What you can't see are the massive output swings like the LISY300AL exhibited. Cool! I think this sensor is a winner. High vibration rejection indeed!

Real World Driving Test
Next, I tested to see how it performed in a real driving test. The results were promising. Here's a plot of a subset of the data from an extended test run.

It's a little noisy, sure, but you can easily discern heading changes from periods with a static heading.  Were the readings anywhere close to reality?

Verifying Heading With GPS
To find out, I compared gyro heading to GPS heading.  I tweaked some Perl code to convert the raw gyro readings to heading and plotted that against GPS heading data from the test run.

I initialized the gyro heading to align initially to the gps values and then subtracted the fix age time from the gps heading readings to time align both plots.

You'll have to click the plot to see a larger image and make out the relevant detail.

Heading data from the gyro (red) is fairly smooth and it matches the general shape of the gps plot (green) which is great news, even if the scale and absolute heading are off.

This result suggests that the gyro readings may get quite a bit closer to the GPS readings by calibrating the gyro for temperature, null point and scale.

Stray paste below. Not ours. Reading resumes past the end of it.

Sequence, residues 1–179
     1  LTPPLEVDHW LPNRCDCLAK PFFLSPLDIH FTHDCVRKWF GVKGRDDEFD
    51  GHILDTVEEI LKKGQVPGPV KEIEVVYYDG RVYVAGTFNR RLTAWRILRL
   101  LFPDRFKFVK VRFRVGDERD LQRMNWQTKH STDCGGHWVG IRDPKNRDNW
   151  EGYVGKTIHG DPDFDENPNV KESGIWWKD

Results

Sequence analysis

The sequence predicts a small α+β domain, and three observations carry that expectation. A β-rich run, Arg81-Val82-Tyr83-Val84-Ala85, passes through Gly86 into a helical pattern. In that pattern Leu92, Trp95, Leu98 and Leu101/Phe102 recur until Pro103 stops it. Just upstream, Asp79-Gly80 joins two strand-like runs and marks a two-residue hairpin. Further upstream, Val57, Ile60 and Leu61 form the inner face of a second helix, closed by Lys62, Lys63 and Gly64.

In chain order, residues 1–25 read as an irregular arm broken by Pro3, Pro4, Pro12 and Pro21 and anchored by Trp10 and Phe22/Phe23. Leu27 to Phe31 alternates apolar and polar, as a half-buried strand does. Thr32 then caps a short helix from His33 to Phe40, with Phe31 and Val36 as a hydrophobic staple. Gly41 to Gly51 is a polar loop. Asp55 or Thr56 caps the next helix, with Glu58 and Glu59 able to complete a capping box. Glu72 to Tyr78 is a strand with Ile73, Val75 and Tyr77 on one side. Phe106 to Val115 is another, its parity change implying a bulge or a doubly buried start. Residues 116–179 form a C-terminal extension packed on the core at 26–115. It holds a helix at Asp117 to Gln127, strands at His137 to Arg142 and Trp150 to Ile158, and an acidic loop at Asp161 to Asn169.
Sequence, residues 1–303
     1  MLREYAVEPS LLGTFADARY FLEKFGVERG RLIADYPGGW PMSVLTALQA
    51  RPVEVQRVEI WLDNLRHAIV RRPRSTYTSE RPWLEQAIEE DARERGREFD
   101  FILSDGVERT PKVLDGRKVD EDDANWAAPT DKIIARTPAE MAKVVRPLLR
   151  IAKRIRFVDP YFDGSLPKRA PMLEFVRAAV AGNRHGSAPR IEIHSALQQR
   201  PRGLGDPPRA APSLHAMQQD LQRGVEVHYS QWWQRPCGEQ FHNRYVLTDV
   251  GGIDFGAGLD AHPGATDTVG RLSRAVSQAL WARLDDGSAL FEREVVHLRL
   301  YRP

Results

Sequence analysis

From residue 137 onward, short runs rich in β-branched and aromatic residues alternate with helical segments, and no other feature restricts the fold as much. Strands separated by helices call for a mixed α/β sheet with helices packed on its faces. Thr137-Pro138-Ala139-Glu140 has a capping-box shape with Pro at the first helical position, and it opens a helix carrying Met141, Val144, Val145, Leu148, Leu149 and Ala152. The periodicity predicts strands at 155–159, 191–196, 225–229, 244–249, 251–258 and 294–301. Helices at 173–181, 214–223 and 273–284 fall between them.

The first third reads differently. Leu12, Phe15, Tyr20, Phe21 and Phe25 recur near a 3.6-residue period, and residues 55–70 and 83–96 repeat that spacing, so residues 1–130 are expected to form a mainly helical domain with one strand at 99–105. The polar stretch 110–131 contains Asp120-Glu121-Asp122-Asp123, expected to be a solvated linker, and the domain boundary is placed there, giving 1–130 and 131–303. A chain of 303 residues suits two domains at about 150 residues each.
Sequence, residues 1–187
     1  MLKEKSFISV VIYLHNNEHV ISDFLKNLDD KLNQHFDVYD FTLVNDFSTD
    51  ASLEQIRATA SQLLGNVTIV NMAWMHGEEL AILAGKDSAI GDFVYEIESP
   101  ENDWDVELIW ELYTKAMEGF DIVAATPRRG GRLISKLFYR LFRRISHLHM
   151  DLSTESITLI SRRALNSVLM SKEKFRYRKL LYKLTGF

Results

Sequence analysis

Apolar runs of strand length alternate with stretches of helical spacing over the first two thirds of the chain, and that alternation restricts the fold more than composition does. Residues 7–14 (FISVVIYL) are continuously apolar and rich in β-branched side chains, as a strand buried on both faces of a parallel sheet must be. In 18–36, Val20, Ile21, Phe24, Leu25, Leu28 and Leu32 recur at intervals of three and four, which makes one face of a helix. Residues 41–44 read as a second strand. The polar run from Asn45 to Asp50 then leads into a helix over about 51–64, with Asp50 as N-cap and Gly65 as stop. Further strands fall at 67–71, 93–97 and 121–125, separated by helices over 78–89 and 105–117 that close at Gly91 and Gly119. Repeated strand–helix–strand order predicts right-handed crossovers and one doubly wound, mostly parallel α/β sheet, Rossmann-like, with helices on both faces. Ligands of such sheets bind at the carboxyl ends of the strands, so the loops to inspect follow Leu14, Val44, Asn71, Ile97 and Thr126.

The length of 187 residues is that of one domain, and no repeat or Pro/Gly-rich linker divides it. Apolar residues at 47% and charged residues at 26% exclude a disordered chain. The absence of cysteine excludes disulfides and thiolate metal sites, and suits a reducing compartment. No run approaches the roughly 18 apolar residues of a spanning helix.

In the end, the noise issue was specific to the LISY300AL gyro and seems to be alleviated.

Tuesday, February 15, 2011

AVC Bot: A Deadline

The AVC bot is coming together slowly.  I am farther along than the blog posts would indicate because they lag the actual work by a few weeks.  Even so I've simply not made enough progress.

To give myself a kick in the butt, I've invited some friends over to witness the maiden voyage (and/or catastrophic failure) of the AVC bot on Saturday, February 26.

Crap, I gotta get busy now!

I owe Sparkfun a video of the robot driving forward and turning left on its own but if that's all the robot can do on April 1, I'm screwed.

But, if I have that functionality in two weeks, that gives me several more weeks to refine and build upon it so I'll have a functional robot come April 23, competition day.

The path ahead to the maiden voyage:
  • Port GPS NMEA parsing software to mbed
  • Port data logging software to mbed
  • Finish software for Kalman Filtering of gyro data
  • Build "motherboard" for mbed MCU to interface with the goodies
  • Implement 5V ADC to adapt IR rangers and gyro to 3.3V MCU
  • Software to calculate bearing and distance to waypoint
  • Software to manage the precise timing of sensor polling and navigation
  • Software to adjust steering and speed based on actual vs. desired heading
Even after I get all that done I'm still only about halfway home.

Friday, February 11, 2011

AVC Bot: First Data Captures

I still don't have a name for my AVC Robot. Got any ideas? Post them in the comments!